“Instead of taking time to draw up a plan and bringing resources together that might take two or three weeks, we can deploy that night,” said Hanson.
The deputies in the enforcement unit are handpicked from the station from gang areas. They work alongside members of the Probation Department.
Inside the command post, crime analysts are working to map out the areas the team will target.
“Gang saturation is very specific,” said L.A. County Sheriff’s Lieutenant Crystal Miranda. “We focus on the gangs. The deputies in this enforcement unit are from the actual stations that we patrol.”
Friday night, the team responded to a car-to-car shooting, a stabbing and parole violations. Relatively speaking, a quiet Friday night.
Saturday night, the team will be in Bellflower.
(Copyright ©2009 KABC-TV/DT. All Rights Reserved.)

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From the LA Times

The Los Angeles Police Commission today completed two days of interviews with candidates vying to be the next LAPD chief. Officials hope to select three finalists by Tuesday.

The commission, a civilian panel that oversees the Los Angeles Police Department, met with 13 applicants. All but but two were LAPD deputy chiefs and assistant chiefs.

The interviews were held at the tony City Club downtown. The commission made no effort to conceal the identities of the in-house candidates from the assembled media, but it did sneak the two outside candidates into and out of the interview room through a back hallway. When a Times reporter attempted to pursue one of the candidates, an LAPD officer blocked the hall.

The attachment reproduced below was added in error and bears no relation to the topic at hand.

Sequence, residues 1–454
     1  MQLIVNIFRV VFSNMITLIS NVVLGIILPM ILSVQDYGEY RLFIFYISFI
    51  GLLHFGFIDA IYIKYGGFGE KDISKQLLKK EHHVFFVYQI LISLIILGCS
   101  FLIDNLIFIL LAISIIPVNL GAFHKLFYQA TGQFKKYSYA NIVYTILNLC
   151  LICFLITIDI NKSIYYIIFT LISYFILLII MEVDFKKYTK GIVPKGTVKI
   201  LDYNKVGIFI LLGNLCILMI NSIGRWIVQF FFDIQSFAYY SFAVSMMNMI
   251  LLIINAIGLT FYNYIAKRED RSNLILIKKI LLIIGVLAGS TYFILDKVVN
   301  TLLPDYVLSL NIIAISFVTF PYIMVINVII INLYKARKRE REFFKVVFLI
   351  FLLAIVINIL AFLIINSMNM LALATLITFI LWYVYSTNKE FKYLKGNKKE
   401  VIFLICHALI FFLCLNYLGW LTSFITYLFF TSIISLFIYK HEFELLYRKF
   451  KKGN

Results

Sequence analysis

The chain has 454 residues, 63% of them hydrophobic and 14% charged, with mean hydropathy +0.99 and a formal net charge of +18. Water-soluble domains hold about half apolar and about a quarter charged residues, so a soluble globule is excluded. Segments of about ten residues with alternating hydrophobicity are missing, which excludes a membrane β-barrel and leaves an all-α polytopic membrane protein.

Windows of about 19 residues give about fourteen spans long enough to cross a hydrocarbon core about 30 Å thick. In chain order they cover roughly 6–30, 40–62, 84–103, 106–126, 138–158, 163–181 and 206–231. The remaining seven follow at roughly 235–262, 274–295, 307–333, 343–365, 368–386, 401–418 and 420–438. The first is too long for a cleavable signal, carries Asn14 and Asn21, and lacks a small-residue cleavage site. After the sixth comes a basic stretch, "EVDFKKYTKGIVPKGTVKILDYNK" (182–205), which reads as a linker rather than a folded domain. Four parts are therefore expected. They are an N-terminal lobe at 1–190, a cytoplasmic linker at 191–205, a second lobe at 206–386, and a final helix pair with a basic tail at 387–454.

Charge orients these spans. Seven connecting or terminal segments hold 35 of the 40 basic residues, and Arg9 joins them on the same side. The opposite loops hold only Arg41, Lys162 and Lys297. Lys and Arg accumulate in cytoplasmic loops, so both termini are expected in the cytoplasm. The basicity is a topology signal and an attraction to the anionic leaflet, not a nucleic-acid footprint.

Commission President John Mack defended the the decision to keep the identities of the two outside applicants concealed. He said they were sitting police chiefs elsewhere and did not want it known that they were seeking the LAPD post. Mack said he believed that it was more important to protect the candidates’ identities than to inform the public about them.

With the interviews now complete, Mack said the commission would spend the next few days deliberating and vetting candidates. Barring any major delays, he said he was tentatively planning to pass the names of three finalists on to Mayor Antonio Villaraigosa on Tuesday.

Villaraigosa will make the final selection, and has said he would like to do so by the time that outgoing Police Chief William J. Bratton departs Oct. 31.

—Joel Rubin

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The former New York City police commissioner Bernard Kerik had his bail revoked today. He was allegedly trying to influence the jury pool.

Bernard Kerik had been out on $500,000 bail. U.S. District Court Judge Stephen Robinson stated that by posting confidential documents on his defense website, Kerik could not be trusted to abide by a court order barring disclosure of that kind of information.